COMMENTARY

Standardizing the Referral Letter to Improve Care

Brianne N. Hobbs, OD

Disclosures

April 14, 2014

In This Article

Study Summary

A study published in Ophthalmology by Cheng and colleagues addressed the quality of referral letters from optometrists and general ophthalmologists to glaucoma specialists. Members of the Canadian Glaucoma Society and the American Glaucoma Society were surveyed about essential components of referral letters. One purpose of this study was to identify the information deemed necessary by glaucoma specialists for the diagnosis of glaucoma. Respondents were also asked to pinpoint the key information for assessing the presence of glaucomatous progression. A secondary purpose was to assess the quality of letters received by glaucoma specialists and to identify the most common errors.

Regarding the diagnosis of glaucoma, specialists responded that they would most like to receive the following information for a patient (percentage of respondents):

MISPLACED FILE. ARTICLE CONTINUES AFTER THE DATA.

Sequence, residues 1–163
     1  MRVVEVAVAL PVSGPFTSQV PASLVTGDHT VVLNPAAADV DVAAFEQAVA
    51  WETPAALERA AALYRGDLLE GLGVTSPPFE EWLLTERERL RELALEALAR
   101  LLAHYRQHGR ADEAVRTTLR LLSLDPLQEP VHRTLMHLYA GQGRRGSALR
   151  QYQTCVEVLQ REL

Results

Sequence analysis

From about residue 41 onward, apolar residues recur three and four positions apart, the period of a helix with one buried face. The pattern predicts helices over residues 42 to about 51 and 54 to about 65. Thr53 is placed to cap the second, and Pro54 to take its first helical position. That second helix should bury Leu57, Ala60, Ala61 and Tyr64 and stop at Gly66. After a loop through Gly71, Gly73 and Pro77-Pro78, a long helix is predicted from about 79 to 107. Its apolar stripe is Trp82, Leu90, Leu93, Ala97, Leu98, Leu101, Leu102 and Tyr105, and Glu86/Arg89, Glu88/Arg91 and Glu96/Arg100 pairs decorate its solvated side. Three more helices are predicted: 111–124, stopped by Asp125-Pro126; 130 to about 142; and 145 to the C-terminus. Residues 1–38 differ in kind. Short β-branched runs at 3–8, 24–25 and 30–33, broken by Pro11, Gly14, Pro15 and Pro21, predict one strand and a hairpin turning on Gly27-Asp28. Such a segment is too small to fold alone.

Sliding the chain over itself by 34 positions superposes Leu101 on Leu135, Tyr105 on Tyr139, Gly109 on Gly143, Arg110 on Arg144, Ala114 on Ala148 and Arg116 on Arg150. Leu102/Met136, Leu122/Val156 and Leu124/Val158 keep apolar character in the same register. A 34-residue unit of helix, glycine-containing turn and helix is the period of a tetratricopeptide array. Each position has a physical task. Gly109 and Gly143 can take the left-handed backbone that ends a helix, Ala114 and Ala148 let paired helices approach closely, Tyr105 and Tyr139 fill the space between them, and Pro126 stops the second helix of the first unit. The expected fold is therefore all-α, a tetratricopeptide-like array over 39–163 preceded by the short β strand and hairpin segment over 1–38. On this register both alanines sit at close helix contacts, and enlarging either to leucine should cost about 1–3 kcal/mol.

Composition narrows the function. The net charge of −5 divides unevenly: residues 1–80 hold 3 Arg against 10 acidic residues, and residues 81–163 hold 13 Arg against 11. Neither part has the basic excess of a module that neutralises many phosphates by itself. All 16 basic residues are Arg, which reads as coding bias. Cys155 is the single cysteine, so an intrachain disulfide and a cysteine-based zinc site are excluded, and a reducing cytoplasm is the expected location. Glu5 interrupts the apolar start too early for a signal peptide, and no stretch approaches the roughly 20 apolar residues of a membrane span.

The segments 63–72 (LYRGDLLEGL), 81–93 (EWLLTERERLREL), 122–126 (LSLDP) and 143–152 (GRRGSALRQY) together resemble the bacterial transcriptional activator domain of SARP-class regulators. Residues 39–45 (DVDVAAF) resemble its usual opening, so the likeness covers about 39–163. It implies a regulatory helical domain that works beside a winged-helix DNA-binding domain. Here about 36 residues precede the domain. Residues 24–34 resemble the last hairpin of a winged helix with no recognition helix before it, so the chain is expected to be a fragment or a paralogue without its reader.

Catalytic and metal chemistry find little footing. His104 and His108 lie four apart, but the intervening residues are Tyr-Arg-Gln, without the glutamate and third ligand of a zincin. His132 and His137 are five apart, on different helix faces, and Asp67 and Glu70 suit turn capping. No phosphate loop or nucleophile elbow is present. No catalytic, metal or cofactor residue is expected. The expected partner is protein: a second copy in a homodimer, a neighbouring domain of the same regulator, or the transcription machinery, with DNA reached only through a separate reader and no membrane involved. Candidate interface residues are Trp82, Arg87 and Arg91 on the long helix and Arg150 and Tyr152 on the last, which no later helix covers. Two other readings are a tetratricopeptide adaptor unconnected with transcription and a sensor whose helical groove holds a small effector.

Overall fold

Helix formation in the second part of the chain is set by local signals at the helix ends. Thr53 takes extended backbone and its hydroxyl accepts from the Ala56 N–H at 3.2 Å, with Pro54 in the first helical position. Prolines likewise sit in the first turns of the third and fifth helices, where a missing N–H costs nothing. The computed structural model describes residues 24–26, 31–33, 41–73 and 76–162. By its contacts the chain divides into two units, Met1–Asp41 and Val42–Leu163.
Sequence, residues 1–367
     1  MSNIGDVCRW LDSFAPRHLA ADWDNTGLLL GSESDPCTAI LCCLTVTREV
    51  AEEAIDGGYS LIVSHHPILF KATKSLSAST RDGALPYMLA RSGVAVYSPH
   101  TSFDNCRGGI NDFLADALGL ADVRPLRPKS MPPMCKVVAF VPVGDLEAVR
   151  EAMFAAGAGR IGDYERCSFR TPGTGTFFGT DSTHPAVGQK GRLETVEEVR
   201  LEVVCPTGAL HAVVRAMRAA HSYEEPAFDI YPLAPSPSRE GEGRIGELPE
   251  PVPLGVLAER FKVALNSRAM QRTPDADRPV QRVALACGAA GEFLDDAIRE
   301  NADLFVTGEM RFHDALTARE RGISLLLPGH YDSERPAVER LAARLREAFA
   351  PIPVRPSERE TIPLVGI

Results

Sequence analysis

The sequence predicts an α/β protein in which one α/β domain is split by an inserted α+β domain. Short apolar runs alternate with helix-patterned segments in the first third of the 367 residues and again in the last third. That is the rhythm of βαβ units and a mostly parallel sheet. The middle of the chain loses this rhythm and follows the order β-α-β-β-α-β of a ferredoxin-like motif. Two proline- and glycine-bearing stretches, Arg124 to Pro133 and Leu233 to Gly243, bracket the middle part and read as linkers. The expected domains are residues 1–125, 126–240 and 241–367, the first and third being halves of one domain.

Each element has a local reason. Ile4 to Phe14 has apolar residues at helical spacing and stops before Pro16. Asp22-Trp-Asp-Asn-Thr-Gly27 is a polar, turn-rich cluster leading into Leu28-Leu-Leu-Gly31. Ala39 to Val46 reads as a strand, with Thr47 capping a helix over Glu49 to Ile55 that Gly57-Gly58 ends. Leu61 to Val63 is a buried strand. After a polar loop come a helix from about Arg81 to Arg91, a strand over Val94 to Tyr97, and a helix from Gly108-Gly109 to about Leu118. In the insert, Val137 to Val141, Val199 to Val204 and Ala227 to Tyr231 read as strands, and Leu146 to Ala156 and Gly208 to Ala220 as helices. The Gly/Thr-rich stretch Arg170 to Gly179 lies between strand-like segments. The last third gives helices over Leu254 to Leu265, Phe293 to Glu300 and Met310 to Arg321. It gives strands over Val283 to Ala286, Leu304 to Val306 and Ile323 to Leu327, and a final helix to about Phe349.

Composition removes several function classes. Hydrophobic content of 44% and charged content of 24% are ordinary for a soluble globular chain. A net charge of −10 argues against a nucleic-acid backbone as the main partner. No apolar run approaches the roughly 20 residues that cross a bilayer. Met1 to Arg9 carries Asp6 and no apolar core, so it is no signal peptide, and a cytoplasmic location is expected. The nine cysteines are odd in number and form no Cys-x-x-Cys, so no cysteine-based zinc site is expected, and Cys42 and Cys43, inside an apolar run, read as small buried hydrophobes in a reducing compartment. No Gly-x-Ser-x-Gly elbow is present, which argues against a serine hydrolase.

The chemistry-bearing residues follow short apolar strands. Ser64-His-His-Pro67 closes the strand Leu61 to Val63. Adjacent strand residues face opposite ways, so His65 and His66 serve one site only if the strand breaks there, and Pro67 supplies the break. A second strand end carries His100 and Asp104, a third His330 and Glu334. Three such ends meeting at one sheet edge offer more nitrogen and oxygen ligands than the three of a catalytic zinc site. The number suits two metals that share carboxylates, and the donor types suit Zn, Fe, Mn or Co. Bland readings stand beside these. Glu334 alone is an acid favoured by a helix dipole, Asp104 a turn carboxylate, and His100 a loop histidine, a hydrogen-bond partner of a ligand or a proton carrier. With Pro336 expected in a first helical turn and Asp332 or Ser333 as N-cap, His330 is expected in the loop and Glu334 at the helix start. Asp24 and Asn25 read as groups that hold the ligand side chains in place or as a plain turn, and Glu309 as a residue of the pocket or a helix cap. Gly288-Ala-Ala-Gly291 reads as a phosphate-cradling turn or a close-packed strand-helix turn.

Maximum intraocular pressure (IOP; 75%)

Current/recent IOP (64%)

Disc evaluation (64%)

Serial visual fields (VFs; 58%)

Recent VFs (46%)

This list differed slightly from the information a specialist would ideally like to receive about a patient regarding glaucomatous progression:

Serial VFs (81%)

Current glaucoma therapy (63%)

Current/recent IOP (63%)

Maximum IOP (51%)

Serial disc imaging (43%)

Upon analysis of the referral letters, it was apparent that most did not contain the desired information, specifically serial VFs, maximum IOP, and serial disc imaging. The absence of this information may represent miscommunication or a lack of communication between the referring doctor and specialist regarding the exam elements that should be included in the referral. Most respondents preferred that the urgency of the patient's referral be included in the letter, but only 27% of letters actually contained this information.

 

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